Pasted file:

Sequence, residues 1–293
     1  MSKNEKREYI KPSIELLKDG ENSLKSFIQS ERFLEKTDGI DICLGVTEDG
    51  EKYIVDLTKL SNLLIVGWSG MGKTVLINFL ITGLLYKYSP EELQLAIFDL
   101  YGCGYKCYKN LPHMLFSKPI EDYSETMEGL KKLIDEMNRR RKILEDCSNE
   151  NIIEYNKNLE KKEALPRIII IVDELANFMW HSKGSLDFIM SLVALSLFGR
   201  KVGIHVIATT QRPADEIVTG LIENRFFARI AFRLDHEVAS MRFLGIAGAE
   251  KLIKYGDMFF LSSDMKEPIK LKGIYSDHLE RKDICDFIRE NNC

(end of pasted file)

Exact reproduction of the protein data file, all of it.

Sequence, residues 1–293
     1  MSKNEKREYI KPSIELLKDG ENSLKSFIQS ERFLEKTDGI DICLGVTEDG
    51  EKYIVDLTKL SNLLIVGWSG MGKTVLINFL ITGLLYKYSP EELQLAIFDL
   101  YGCGYKCYKN LPHMLFSKPI EDYSETMEGL KKLIDEMNRR RKILEDCSNE
   151  NIIEYNKNLE KKEALPRIII IVDELANFMW HSKGSLDFIM SLVALSLFGR
   201  KVGIHVIATT QRPADEIVTG LIENRFFARI AFRLDHEVAS MRFLGIAGAE
   251  KLIKYGDMFF LSSDMKEPIK LKGIYSDHLE RKDICDFIRE NNC